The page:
By Jamie Rieger
With road construction season in full swing, many in the County of Forty Mile have been left wondering why a major road construction west of Etzikom was abruptly brought to a stop and has not yet resumed.
“We have school buses with kids on that road. It’s not safe at all,” said county reeve, Bryne Lengel. “I can understand environmental delays, but be responsible.”
The $10-million project that includes 15 kilometres of the highway being repaved, widened, and re-aligned was brought to a halt several months ago, even though significant work had already been completed.
According to Aberta Transportation public affairs officer, Nancy Beasley Hosker, Alberta Transportation had completed designs for the project in 2006 and the following year, Alberta Environment provided an environmental clearance letter for the project.
Last year, funding was allocated, the project was tendered, heavy equipment moved in, and work began.
During this time, but after Alberta Environment had provided the environmental clearance letter, the provincial government passed its Water Act, and more specifically, its Wetland Policy.
“After construction began, Transportation staff realized we needed a new permit so we suspended work,” said Beasley Hosker.
Cypress-Medicine Hat MLA Drew Barnes said the delay is typical of the NDP handle issues in rural parts of the province.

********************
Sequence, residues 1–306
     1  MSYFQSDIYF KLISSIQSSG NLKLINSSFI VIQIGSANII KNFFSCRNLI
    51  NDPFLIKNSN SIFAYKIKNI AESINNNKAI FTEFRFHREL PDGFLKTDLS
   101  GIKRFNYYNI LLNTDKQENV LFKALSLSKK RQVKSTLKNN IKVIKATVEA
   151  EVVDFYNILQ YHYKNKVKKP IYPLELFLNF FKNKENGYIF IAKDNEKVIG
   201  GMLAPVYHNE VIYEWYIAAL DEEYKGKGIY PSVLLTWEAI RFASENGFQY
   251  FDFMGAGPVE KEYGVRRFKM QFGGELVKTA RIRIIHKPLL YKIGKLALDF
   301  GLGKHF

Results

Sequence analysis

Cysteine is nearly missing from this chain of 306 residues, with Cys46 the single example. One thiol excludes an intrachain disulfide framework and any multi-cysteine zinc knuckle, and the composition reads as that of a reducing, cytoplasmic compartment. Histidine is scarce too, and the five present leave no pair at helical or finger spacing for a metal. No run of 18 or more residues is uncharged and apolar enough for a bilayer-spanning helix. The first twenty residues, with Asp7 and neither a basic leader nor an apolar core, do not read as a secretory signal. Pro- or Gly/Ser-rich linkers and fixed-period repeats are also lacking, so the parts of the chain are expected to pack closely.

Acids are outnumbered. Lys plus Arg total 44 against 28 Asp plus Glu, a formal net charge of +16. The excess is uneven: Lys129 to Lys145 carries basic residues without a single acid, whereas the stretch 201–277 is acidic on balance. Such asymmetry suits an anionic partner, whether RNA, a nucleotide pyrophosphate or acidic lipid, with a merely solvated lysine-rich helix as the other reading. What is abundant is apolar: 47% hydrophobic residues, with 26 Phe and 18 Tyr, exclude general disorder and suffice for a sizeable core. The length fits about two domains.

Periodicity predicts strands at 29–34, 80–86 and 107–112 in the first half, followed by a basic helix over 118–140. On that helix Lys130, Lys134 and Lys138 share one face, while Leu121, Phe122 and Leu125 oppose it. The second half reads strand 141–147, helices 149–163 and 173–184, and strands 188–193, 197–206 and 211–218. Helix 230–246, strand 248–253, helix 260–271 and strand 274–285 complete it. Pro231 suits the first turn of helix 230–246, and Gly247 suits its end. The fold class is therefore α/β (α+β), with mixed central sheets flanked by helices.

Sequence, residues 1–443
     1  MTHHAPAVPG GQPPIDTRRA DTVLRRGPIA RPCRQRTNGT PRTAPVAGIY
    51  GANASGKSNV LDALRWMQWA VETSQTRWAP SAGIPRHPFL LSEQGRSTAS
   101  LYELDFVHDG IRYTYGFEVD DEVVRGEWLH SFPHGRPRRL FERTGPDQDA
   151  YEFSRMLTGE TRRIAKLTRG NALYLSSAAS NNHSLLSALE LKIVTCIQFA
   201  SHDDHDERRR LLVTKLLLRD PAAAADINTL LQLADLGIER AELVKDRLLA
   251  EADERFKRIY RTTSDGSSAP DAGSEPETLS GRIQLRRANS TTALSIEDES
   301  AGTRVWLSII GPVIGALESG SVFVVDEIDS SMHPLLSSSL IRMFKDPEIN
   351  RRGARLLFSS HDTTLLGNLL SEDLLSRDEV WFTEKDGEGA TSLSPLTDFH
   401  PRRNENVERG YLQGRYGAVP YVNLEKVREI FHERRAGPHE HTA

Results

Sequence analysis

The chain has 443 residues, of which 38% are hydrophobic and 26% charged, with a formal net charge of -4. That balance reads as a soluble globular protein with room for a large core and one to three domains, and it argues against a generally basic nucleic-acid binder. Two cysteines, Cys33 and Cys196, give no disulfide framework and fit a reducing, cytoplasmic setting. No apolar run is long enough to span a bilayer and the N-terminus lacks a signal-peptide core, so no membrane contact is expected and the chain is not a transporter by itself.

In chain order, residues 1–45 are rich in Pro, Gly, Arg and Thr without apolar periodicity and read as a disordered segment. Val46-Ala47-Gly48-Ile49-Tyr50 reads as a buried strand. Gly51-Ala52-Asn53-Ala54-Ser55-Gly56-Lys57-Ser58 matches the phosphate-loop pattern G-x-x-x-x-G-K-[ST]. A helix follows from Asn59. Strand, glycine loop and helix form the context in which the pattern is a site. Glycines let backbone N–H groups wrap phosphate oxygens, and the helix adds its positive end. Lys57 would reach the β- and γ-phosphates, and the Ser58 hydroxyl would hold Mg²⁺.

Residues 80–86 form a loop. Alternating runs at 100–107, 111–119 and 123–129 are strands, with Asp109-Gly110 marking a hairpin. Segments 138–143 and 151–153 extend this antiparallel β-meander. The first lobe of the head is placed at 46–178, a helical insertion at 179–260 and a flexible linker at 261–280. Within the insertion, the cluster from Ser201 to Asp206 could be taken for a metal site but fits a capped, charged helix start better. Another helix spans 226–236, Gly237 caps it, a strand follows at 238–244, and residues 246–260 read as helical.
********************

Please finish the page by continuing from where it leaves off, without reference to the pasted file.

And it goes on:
“The people in the county have been waiting for this road to be improved for years and it is a safety issue,” said Barnes. “Everything the NDP does slows down our rural economy. I have been told this project is being held up because of water pooling in the ditches. This is a huge issue and that road needs to be improved for safety reasons. Now, we’re going to be looking at huge cost increases.”
“Environmental assessments are absolutely crucial. We aren’t disputing that, but looking at all these layers and layers of beauracracy, how can our economy thrive?” he added.
Alberta Transportation has been working with Alberta Environment and Parks officials on the permit application and are now waiting for wetland approvals and a new permit to be issued.
“When you have water pool between the railway and highway, I don’t think that’s the same as a natural habitat. It’s time for us to move forward and be patient,” said Lengyel.
Beasley Hosker said that once they receive the necessary environmental approvals, they expect to resume construction this summer.
“We appreciate the patience of area residents while we complete this process. There are no impacts to traffic while work is stopped as traffic continues to use existing Highway 61 lanes, and again, we hope to get back underway this summer,” she said.
A new completion date will depend on when construction resumes.